The course will provide:

  • a systematic understanding of the different classes of engineering materials, their key properties and their principal application areas
  • a knowledge of the major techniques used to characterise materials and evaluate their properties, including the quantitative treatment of data where appropriate.
  • an appreciation of the importance of processing-microstructure-property relationships through the use of illustrative examples

Learning outcomes

On successful completion of the module, you will be able to:

  • describe and account for the structure, processing routes and key properties of the main classes of materials
  • explain how materials are characterised
  • construct processing-structure-property relationships for existing and potential materials.
  • assess the suitability of a material for a given purpose, using quantitative analyses where appropriate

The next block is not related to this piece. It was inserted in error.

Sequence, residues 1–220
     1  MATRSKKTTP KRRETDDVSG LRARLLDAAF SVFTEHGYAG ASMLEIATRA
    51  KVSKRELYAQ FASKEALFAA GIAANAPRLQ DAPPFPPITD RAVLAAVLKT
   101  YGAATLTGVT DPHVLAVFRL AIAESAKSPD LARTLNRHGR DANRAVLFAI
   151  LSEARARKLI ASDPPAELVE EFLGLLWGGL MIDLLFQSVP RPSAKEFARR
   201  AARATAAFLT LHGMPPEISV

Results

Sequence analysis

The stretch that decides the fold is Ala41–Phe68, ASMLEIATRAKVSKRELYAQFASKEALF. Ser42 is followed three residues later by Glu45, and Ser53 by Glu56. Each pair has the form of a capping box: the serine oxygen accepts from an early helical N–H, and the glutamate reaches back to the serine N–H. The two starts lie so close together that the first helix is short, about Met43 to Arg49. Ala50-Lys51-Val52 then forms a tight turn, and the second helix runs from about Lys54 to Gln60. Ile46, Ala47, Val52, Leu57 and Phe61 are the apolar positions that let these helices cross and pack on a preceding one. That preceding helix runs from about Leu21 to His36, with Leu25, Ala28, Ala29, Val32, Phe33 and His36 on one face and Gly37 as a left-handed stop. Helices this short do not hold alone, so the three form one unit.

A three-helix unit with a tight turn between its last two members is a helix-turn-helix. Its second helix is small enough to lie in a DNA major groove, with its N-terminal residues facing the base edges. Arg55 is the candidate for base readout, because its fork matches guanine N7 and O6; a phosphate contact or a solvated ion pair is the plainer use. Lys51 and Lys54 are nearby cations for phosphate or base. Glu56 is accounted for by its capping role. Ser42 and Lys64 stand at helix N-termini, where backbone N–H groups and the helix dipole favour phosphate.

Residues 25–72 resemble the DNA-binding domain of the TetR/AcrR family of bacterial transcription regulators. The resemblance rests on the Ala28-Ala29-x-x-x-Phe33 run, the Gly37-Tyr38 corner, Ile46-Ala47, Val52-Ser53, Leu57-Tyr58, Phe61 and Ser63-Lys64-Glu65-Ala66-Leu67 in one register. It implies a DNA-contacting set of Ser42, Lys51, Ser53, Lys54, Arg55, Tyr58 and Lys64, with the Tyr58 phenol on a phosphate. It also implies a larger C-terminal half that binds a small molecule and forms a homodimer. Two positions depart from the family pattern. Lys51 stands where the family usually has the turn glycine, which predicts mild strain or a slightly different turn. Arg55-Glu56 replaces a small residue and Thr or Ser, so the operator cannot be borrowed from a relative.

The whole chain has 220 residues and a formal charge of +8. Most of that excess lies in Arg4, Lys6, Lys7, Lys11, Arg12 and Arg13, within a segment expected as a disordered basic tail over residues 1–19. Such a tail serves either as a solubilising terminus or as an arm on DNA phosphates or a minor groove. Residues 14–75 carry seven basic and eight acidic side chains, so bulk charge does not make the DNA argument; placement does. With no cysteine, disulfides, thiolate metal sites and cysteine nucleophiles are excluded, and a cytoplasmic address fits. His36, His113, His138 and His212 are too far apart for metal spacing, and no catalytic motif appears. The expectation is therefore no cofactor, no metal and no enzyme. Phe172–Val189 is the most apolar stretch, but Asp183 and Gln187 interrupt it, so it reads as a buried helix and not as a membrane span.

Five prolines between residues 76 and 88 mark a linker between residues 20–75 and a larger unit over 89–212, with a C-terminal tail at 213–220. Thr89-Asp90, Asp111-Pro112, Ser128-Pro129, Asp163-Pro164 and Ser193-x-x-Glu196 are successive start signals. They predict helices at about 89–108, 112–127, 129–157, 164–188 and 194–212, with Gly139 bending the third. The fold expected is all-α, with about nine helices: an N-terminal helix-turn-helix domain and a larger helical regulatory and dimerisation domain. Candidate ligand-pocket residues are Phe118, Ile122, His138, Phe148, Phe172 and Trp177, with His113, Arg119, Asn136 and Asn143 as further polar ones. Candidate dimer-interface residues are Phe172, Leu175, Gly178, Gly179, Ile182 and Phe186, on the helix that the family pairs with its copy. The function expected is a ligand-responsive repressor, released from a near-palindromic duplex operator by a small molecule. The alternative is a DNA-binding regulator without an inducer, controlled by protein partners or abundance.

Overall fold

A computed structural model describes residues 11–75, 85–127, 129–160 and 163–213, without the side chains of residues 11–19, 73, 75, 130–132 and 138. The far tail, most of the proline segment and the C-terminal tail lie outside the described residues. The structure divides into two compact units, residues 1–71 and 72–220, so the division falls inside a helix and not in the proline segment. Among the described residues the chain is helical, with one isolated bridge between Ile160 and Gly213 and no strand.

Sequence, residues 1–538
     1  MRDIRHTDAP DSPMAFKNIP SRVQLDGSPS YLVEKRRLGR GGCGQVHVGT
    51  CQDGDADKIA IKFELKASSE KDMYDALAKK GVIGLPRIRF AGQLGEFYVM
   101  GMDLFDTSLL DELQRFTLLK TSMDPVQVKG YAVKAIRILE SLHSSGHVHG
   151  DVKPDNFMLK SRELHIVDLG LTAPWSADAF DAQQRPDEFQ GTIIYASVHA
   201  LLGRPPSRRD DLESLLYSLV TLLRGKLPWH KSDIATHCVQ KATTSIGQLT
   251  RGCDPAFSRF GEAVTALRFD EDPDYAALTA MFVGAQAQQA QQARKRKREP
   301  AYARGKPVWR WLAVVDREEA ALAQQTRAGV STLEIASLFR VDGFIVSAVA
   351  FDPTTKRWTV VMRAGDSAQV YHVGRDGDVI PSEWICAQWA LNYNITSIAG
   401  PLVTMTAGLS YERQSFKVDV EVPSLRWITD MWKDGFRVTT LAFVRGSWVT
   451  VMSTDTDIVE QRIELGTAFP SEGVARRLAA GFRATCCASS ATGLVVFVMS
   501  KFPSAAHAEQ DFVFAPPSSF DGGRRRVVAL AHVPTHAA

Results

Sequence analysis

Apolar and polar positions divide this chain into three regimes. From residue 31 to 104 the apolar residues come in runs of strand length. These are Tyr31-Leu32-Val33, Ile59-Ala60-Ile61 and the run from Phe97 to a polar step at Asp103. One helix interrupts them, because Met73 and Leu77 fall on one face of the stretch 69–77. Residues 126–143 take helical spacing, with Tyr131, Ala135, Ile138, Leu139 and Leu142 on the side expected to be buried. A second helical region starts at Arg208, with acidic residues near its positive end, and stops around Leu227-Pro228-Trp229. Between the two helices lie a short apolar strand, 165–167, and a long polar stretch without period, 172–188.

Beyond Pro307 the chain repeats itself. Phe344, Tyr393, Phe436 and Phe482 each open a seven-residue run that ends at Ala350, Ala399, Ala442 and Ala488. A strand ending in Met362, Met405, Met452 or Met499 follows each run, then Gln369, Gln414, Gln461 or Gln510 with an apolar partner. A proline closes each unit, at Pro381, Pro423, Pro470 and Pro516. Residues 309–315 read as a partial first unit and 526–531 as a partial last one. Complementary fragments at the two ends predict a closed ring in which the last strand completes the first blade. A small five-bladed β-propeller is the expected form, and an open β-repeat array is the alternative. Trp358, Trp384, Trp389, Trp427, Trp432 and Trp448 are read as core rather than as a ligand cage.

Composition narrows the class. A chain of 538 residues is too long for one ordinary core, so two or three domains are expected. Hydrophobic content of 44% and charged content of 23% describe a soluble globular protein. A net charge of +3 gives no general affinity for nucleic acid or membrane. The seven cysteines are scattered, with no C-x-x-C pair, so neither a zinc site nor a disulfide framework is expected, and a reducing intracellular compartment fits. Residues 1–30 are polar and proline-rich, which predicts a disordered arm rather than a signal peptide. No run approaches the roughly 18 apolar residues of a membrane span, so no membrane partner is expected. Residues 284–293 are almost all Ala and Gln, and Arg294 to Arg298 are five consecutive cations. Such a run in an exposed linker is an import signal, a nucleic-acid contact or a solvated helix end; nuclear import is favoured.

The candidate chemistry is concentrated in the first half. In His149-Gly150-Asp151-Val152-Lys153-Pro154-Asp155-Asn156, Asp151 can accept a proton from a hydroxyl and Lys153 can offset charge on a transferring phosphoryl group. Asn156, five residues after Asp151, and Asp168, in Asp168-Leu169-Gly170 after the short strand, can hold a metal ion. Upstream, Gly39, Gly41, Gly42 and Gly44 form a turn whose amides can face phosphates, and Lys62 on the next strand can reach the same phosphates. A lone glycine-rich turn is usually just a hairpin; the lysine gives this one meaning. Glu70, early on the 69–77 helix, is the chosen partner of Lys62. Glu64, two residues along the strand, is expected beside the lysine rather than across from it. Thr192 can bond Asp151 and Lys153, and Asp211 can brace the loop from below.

Required reading

Extensive course notes are supplied.

The recommended reading books are:

Ashby MF and Jones DRH,
Engineering Materials 1: An Introduction to their Properties and Applications,
4th ed, Butterworth-Heinemann, 2011. (ISBN 978-0080966659)

Ashby MF and Jones DRH,
Engineering Materials 2: An Introduction to Microstructures, Processing and Design,
4th ed, Butterworth-Heinemann, 2012. (ISBN 978-0080966687)

Recommended background reading
The library has a wide range of textbooks that support the Materials Science and Engineering curriculum, including:

Callister WD Jr,
Materials Science and Engineering: An Introduction,
9th ed, John Wiley & Sons, 2013 (ISBN 978-1118324578)
Callister, WD and Rethwisch, DG
Materials Science and Engineering
9th ed, John Wiley & Sons, 2014 (ISBN 978-1118319222)

Course Directors

The joint course directors are Dr Mark Whiting and Professor Robert Dorey, who is a Chartered Engineer & Scientist. They will be joined by colleagues from across the University of Surrey’s materials activity.

13-17 November 2017

Introduction to Composite Materials

13-17 November 2017

The Course